Movie producer Dillon Jordan sentenced to 5 years in prison for operating prostitution ring: "The party is over"
A California movie producer was sentenced in New York City to the maximum five years in prison Thursday after he admitted operating a high-end prostitution service for seven years, providing women to wealthy clients for up to $15,000 and organizing sex parties in the U.S. and abroad.
Dillon Jordan, of Lake Arrowhead, California, was sentenced in Manhattan. U.S. District Judge John P. Cronan said he would have imposed a longer prison sentence if he had the authority to do so, citing the permanent physical and emotional scars the women sustained.
Jordan pleaded guilty to a conspiracy count and five years was the maximum sentence available.
Prosecutors said Jordan operated the business from 2010 to 2017 through a purported party and event planning company and his actual movie production company.
They said in a presentence submission that Jordan tried to parlay his prostitution business to produce legitimate movies, since several investors and well-known producers were also clients of his prostitution ring. At least one client invested $250,000 in Jordan's movie projects, they said.
Jordan is listed among dozens of producers on films including the 2018 film "The Kindergarten Teacher," which featured Maggie Gyllenhaal, and the 2019 movie "The Kid," which starred Ethan Hawke.
At sentencing, Jordan apologized to the victims.
One victim who spoke during the two-hour hearing said she nearly died a decade ago when Jordan invited her to a party and then fed her a mix of drugs that left her permanently brain damaged.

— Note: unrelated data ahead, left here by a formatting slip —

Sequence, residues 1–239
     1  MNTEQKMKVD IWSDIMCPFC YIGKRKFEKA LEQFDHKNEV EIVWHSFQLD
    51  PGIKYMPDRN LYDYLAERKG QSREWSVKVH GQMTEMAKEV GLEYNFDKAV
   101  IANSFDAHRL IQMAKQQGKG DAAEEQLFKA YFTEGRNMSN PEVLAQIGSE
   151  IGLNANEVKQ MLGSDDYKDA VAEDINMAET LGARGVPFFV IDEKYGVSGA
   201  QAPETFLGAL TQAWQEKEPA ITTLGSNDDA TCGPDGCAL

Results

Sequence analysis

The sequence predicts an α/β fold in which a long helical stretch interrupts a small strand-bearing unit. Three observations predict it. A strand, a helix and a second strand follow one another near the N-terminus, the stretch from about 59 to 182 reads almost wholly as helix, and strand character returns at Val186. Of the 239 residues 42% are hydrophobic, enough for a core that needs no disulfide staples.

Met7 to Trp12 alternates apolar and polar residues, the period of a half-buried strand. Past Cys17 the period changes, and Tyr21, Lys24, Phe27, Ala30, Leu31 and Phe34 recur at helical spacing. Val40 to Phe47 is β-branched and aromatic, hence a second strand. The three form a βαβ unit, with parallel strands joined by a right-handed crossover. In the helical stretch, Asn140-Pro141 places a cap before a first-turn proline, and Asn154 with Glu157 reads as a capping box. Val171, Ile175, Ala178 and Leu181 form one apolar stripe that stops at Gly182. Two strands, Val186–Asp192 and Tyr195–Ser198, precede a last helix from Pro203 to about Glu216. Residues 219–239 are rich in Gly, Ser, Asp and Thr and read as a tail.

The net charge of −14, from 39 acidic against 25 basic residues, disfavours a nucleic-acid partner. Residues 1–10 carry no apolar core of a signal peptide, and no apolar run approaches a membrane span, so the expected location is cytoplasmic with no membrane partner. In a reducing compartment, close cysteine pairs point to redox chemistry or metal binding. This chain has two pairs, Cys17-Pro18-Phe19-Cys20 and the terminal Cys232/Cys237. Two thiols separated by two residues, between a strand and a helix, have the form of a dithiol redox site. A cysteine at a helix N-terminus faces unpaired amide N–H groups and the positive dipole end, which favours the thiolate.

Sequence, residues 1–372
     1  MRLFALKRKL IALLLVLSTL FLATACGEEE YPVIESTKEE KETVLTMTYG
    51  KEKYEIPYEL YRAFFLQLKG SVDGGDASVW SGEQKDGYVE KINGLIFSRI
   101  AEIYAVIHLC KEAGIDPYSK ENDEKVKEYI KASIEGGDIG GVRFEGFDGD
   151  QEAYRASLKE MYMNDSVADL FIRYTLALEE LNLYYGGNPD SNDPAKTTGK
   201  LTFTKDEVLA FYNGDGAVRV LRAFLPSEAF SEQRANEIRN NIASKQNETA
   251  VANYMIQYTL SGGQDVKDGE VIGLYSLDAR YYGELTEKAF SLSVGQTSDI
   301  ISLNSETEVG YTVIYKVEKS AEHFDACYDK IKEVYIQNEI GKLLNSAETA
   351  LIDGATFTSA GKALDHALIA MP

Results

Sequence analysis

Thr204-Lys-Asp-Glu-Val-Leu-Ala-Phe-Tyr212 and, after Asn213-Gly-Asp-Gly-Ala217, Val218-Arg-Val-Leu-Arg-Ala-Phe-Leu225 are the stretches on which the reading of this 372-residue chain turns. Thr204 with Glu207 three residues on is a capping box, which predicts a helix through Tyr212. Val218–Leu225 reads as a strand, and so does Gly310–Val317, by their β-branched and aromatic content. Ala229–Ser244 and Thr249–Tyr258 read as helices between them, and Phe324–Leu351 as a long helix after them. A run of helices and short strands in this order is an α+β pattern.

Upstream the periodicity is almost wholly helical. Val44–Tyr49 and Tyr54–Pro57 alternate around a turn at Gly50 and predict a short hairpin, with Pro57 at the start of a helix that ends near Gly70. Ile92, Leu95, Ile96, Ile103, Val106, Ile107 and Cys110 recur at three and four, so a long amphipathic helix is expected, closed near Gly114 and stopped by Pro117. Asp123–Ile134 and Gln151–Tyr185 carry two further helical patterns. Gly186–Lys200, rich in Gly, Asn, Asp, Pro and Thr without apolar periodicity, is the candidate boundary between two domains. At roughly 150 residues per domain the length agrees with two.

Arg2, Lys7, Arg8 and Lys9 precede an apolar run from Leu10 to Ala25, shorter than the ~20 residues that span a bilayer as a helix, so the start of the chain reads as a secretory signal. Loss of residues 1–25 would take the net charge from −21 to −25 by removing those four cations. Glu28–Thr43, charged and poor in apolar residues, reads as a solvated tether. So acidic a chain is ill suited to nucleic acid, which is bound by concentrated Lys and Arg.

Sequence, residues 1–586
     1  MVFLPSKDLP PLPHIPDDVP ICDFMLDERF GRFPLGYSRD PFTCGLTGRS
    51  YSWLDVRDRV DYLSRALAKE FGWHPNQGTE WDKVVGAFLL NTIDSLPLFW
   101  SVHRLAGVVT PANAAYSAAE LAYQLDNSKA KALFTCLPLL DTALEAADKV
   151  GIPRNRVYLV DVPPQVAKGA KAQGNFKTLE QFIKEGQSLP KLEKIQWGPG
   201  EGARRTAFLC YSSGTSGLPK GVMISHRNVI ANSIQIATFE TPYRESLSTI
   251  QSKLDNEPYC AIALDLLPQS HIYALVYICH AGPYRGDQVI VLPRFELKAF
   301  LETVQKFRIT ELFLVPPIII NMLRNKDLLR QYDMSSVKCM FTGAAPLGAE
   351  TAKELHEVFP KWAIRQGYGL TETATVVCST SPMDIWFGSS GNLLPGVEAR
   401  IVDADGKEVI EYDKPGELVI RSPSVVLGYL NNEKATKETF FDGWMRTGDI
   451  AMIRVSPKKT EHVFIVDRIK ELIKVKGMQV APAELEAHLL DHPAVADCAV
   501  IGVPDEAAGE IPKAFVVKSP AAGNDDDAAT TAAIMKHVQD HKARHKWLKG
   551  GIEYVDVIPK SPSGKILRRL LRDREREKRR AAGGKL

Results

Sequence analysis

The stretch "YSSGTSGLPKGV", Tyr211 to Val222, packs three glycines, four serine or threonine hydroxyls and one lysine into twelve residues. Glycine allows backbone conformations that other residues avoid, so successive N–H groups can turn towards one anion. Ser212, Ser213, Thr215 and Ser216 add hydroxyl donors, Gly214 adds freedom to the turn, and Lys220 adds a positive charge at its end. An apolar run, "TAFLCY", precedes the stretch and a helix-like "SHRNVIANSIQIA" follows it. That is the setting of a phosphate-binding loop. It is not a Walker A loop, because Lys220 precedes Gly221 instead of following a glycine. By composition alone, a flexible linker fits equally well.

"I never wanted to prostitute my body," she said, pausing to collect herself before urging the maximum sentence.
The judge said prison was appropriate for a man who operated a prostitution ring that earned him at least $1.4 million.
"To be sure, this was an illegal operation that Dillon Jordan ran and one that caused real harm to real women. And, as we saw today, permanent harm," Cronan said.
Prosecutors said Jordan was released from a prison in Cuba in 2010 after serving eight years for sex crimes there, and he immediately began linking wealthy individuals he knew with high-end prostitutes, charging between $3,000 and $15,000 per encounter. The government said he pocketed about 40% of the fee.
They said he once boasted that 75 women worked for him, including some he sent abroad to a madam in the United Kingdom.
In a presentence submission, defense lawyers wrote that Jordan entered the sex industry after a "horrific childhood that was replete with physical, sexual, and psychological abuse" but left the prostitution business in 2017 and established himself in the film business before becoming a home design consultant.
They said he was not a traditional pimp, but rather was paid fees to organize parties with adult sex workers or to arrange large events, or to book women to attend bachelor parties and adult-themed shows.
U.S. Attorney Damian Williams said in a release that Jordan had "operated and profited from an extensive prostitution business that catered to wealthy men and was predicated on the exploitation of young women."
for more features.